By Kunle Adedoyin
The Central Bank of Nigeria (CBN) on Friday said it would continue to implement the cashless policy in line with its mandate to ensure an efficient payment system.
Mr Godwin Emefiele, the CBN Governor, said this while briefing journalists shortly after the Monetary Policy Committee (MPC) meeting.
He said that contrary to claims in some quarters that many Nigerians would suffer the negative impact of the policy, the policy is beneficial to majority of Nigerians as only about five to ten per cent of bank customers would be affected.
He said if the Nigerian economy is to compete effectively with those of developed countries, then a payment system that encourages the use of other non-cash channel was desirable.
The MPC at the meeting voted that the Monetary Policy Rate (MPR), which measures interest rate, should remain at 13.5%.
This is the third consecutive time that the committee will retain the rates since March 2019 when the rates were reduced by 50 basis points.
The Cash Reserve Ratio (CRR) was retained at 22.5%, liquidity ratio at 30% and asymmetric corridor at +200 -500 basis point.
Emefiele revealed that nine members of the MPC were present at the meeting and all members in attendance voted in favour of holding rates.
“Tightening in the midst of a fragile growth outlook would increase the cost of credit while loosening will heighten inflationary tendencies.
“Increased liquidity will result in exchange rate pressures as the money supply rises.
“Holding will require a clear understanding of the quantum and timing of liquidity injections into the economy before deciding on possible adjustments to the stance of monetary policy,” Emefiele said.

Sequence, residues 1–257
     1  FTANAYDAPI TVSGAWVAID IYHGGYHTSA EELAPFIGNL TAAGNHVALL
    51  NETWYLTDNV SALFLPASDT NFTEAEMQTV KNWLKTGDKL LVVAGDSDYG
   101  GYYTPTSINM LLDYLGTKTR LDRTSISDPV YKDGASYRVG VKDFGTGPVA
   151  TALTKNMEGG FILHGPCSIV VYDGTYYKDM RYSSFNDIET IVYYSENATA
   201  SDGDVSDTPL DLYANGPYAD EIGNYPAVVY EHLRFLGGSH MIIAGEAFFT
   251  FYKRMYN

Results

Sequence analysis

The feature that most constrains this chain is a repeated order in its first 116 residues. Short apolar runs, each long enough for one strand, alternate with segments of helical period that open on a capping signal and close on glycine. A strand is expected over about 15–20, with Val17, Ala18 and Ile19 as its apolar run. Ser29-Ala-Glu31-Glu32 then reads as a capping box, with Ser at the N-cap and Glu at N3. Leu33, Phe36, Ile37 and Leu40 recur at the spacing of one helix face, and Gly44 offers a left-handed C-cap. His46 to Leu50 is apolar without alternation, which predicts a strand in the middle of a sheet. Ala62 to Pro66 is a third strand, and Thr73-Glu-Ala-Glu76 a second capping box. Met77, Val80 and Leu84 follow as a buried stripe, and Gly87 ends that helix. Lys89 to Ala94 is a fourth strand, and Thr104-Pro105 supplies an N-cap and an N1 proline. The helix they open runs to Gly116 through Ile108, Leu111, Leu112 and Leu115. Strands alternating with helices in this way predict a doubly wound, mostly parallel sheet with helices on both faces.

The committee expressed its support for the Federal Executive Council’s decision to increase value-added tax saying it would reduce the budget deficit and government borrowing when implemented.
“Committee noted that this was too little to close the gap in government financing and called on the government as a matter of urgency adopt a big bank approach towards building fiscal buffers by freeing up redundant public assets through an efficient and effective privatisation process,” Emefiele said.
“This would raise significant revenue for the government and resuscitate the redundant assets to generate employment and contribute effectively to national economic growth.”
The committee also advised the national assembly to “exercise restraint” from increasing budget oil benchmark since crude oil prices are projected to remain tight.
The Federal Government was also advised “to adopt other ways of funding its operations outside the banking sector” so that credit can be directed towards the private sector.